The Australian Council of Trade Unions (ACTU) represents 43 affiliated unions who together represent over 1.5 million members.

The ACTU and Australian Unions are strong supporters of measures to ensure that Australia’s essential services are secure and resilient. The failure to strengthen our critical supply chains and to keep workers safe during the current Omicron crisis has exacerbated a national public health crisis.

This submission draws and builds upon the ACTU Submission to the Department of Home Affairs (Home Affairs, the Department) the Exposure draft of the Security Legislation Amendment (Critical Infrastructure Protection) Bill 2022, (“the Bill”), and reiterates concerns with the Security Legislation Amendment (Critical Infrastructure) Bill 2020 the Bill is based on which have not been addressed.

The ACTU has significant concerns with this Bill and is not satisfied that the Department of Home Affairs adequately followed the instruction of this Committee, the Parliamentary Joint Committee on Intelligence and Security (PJCIS) to ensure primary and secondary legislation have been co-designed with industry and incorporate the suggestions by, among others, trade unions.

The Bill represents a significant infringement of the right to privacy and civil liberties enjoyed by Australians today. At least three million workers are potentially covered by these changes and the Minister would gain the power to expand this even further. The Government have not provided evidence to support this significant expansion of background checks, especially in a range of industries and some named occupations.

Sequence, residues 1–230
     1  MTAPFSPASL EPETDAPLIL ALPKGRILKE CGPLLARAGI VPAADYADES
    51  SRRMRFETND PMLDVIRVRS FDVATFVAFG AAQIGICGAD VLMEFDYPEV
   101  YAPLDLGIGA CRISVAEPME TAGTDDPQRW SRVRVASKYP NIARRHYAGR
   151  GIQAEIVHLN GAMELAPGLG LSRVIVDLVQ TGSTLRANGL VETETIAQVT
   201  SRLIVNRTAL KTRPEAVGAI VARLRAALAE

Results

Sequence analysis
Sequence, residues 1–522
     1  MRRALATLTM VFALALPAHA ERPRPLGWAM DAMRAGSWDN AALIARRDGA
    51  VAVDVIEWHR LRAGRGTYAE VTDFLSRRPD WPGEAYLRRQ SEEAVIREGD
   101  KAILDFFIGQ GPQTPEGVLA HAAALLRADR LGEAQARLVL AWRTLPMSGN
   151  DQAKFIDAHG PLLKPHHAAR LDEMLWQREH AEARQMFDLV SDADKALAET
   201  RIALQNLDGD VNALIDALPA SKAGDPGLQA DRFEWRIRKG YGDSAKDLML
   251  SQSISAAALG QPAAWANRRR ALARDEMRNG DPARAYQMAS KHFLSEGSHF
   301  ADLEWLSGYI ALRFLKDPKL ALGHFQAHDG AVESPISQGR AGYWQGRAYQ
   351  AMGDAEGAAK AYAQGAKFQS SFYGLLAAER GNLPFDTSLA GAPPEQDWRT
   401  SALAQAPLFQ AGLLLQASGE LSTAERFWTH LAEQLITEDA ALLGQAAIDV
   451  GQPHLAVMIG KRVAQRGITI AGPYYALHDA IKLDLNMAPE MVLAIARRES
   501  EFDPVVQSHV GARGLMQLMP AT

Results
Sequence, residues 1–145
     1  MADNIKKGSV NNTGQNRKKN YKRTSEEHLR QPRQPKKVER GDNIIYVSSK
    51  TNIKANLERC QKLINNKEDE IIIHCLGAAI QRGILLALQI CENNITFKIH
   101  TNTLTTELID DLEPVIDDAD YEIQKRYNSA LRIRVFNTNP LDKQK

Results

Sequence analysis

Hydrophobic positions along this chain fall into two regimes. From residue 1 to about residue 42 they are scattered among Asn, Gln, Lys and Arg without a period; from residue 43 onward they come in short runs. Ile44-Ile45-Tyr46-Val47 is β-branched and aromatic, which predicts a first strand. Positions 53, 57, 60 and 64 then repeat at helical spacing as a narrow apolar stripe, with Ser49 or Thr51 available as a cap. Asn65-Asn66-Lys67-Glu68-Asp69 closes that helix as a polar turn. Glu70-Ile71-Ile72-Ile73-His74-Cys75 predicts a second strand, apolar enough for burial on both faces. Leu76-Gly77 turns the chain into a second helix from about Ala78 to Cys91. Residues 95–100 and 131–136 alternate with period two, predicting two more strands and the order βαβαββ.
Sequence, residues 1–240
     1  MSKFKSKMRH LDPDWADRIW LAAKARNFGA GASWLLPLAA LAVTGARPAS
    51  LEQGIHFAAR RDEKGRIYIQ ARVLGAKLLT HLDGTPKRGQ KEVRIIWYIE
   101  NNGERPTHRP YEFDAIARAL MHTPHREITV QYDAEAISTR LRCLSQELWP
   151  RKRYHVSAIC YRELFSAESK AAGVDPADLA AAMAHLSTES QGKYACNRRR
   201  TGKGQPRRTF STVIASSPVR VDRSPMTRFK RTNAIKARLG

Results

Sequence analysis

The Union movement has further concerns that the Bill could interfere with the workplace rights of workers and their union representatives. This Committee has already heard evidence that some employers are using the spectre of this Bill in bargaining and had prepared to conduct their own background checks on employees. Under this Bill employers could frustrate the right of entry of union officials on the basis of complying with these proposed laws, and could impinge on rights afforded under work health and safety, anti-discrimination, and privacy laws.

The Bill creates substantial levels of delegated decision making to both employers and the relevant Minister on highly significant issues with limited or no worker (nor union) right to consultation, negotiation or review and limited parliamentary oversight. The concern this Committee raised of significantly delegated legislation with an unquantified impact on business and workers has not been addressed.

The submission will elaborate upon these concerns in detail.